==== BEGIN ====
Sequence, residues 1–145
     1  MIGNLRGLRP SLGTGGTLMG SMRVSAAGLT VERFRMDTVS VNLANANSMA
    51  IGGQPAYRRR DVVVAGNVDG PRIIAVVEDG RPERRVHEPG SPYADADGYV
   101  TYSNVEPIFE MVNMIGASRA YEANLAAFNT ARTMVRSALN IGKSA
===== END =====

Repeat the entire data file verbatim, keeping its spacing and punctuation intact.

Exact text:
Sequence, residues 1–145
     1  MIGNLRGLRP SLGTGGTLMG SMRVSAAGLT VERFRMDTVS VNLANANSMA
    51  IGGQPAYRRR DVVVAGNVDG PRIIAVVEDG RPERRVHEPG SPYADADGYV
   101  TYSNVEPIFE MVNMIGASRA YEANLAAFNT ARTMVRSALN IGKSA